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Fertilizer for Bahia Grass

Growing turf grass is a challenge for many homeowners. Constant attention to watering, mowing and fertilizing do not always produce the lush, green lawns we want. Making the job more challenging, many properties don't have the rich, loamy soil required by most grasses. Bahia grass is a low-maintenance alternative, tolerating poor soil and minimal attention. Introduced to the southeastern United States from Brazil in 1914, Bahia grass is versatile and easy to grow.

Description

Bahia grass is a coarse warm-season grass that grows from runners. It is quickly established by seed, sprigs, plugs or sod. Not usually dense, bahia grass is appreciated for its low-maintenance qualities. It forms tall, unattractive seed heads. Argentine and Pensacola form a more dense turf and are the varieties most often planted as lawns.

  • Growing turf grass is a challenge for many homeowners.
  • Not usually dense, bahia grass is appreciated for its low-maintenance qualities.

Culture

Bahia grass grows well in poor, sandy soils. It has good shade and drought tolerance. Irrigate deeply when the blades begin to fold or when it holds a footprint after being trod upon. Mow every seven to 14 days to 3 or 4 inches in height.

Uses

Bahia grass has been used in the southeastern United States as forage for livestock since its introduction. It is often used as a ground cover in orchards because of its tolerance for shade. Because it is low-maintenance, bahia grass is often used along highways where its unattractive qualities are not considered bothersome.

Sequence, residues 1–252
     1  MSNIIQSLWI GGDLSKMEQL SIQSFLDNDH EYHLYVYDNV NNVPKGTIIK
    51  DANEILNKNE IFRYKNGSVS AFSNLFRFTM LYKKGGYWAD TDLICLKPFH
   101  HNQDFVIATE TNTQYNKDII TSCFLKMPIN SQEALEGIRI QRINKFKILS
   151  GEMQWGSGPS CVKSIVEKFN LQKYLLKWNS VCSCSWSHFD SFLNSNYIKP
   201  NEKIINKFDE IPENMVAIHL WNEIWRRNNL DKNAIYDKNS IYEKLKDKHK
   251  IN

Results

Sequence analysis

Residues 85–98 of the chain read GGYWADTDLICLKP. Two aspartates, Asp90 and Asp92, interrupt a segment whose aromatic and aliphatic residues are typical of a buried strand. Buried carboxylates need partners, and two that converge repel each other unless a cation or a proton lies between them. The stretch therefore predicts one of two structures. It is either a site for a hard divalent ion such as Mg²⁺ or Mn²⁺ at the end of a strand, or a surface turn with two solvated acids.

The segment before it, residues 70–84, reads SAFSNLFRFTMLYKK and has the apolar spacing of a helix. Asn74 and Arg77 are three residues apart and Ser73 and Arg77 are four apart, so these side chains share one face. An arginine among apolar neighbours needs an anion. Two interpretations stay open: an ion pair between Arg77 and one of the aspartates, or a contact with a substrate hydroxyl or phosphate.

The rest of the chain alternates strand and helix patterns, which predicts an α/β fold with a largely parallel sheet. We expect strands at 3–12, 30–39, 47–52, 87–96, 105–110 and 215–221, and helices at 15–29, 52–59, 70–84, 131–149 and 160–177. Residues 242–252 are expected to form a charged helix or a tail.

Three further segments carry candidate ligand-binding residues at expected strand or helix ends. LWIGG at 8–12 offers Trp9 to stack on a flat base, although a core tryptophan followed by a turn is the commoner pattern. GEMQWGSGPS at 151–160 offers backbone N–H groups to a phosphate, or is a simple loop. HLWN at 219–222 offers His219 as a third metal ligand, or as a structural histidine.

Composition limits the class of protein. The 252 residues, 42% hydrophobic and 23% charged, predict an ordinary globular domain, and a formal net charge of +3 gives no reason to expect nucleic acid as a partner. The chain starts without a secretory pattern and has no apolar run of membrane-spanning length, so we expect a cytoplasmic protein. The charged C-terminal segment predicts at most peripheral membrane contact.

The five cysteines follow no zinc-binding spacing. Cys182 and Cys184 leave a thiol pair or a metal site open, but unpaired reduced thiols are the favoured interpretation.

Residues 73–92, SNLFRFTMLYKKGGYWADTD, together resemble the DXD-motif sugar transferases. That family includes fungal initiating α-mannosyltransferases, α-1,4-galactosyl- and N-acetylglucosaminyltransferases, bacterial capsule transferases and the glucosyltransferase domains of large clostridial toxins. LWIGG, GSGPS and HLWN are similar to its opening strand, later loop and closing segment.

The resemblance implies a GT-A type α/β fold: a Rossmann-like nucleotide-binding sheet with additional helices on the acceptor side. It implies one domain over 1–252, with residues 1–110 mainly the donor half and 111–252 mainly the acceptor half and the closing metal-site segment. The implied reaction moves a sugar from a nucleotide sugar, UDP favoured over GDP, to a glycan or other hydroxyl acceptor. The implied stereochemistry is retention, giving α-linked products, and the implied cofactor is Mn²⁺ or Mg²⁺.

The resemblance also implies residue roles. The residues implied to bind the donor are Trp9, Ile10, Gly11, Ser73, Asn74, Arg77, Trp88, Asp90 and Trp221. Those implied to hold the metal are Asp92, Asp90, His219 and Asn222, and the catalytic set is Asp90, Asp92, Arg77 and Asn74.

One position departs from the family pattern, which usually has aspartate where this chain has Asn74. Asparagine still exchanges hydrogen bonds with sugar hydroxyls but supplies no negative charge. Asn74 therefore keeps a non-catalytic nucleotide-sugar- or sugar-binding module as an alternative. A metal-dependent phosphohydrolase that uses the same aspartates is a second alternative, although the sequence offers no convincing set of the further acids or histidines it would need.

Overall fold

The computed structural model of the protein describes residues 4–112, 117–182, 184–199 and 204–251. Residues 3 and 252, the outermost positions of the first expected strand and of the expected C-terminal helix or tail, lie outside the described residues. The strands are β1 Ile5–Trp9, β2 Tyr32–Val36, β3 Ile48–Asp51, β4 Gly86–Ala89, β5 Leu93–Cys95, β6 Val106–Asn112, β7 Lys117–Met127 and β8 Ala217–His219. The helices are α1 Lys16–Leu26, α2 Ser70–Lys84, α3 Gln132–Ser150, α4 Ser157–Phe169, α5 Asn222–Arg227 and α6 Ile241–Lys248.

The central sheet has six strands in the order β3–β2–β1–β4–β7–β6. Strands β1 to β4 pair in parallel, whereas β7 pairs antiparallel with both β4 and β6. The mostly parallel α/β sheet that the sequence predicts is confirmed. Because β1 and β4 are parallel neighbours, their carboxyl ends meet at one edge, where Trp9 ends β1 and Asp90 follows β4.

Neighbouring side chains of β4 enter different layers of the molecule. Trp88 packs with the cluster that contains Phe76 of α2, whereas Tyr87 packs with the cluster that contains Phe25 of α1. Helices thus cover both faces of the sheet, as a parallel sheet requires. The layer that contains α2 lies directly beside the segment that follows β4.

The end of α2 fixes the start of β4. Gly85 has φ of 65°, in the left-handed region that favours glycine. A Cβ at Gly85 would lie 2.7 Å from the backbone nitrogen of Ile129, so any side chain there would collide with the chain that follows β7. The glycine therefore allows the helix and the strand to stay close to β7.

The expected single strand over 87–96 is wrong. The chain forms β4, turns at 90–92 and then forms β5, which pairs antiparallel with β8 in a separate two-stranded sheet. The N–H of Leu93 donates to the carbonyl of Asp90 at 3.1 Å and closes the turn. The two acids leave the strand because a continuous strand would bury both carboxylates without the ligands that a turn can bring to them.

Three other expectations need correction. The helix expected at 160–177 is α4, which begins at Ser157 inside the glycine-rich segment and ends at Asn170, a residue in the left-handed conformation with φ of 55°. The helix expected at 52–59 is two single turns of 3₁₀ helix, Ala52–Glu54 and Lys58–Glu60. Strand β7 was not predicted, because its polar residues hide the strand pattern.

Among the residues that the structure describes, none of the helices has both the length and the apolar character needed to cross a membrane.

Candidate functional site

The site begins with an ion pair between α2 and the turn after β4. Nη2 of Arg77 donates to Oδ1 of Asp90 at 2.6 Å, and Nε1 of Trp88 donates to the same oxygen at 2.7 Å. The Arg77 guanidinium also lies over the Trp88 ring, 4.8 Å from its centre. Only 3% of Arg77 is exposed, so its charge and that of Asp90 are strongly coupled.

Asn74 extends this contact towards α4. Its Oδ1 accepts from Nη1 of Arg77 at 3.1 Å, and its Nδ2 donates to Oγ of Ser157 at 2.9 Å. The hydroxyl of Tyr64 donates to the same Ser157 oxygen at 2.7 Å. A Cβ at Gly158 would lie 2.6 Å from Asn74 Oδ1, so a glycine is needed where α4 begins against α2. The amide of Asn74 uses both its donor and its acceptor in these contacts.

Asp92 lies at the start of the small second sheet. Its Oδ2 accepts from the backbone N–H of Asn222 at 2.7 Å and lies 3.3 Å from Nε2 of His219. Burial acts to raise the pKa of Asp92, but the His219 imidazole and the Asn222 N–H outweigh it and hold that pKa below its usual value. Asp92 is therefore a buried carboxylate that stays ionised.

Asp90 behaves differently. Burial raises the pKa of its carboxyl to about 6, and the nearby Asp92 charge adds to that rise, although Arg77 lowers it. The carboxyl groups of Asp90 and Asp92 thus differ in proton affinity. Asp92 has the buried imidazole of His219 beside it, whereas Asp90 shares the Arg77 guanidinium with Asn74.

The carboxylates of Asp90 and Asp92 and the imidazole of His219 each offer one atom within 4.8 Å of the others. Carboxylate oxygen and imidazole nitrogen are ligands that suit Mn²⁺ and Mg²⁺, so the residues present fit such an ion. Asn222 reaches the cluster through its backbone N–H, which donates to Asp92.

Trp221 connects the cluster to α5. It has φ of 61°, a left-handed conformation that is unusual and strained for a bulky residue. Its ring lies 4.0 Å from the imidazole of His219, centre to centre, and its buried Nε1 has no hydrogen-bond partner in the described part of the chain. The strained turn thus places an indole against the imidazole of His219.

• Bahia grass grows well in poor, sandy soils.
  • Because it is low-maintenance, bahia grass is often used along highways where its unattractive qualities are not considered bothersome.

Fertilizer

Established bahia grass has low nutritional requirements and should not be over-fertilized. Use a soil test to determine the specific N-P-K (nitrogen, phosphorus and potassium) needs of your soil. The need for phosphorus is low because it is often present in the poor, sandy soils bahia grass grows best in. Potassium aids in root development. Typical N-P-K ratios for bahia grass will be about 16-4-8.

Application

Fertilization should begin two weeks after spring growth begins. You can apply up to 1 lb. of nitrogen per 1,000 square feet, but only if 1/2 is in a slow-release form. Use according to label directions, which include guidance on frequency of application. Always water thoroughly after fertilizing.

  • Established bahia grass has low nutritional requirements and should not be over-fertilized.
  • Use a soil test to determine the specific N-P-K (nitrogen, phosphorus and potassium) needs of your soil.

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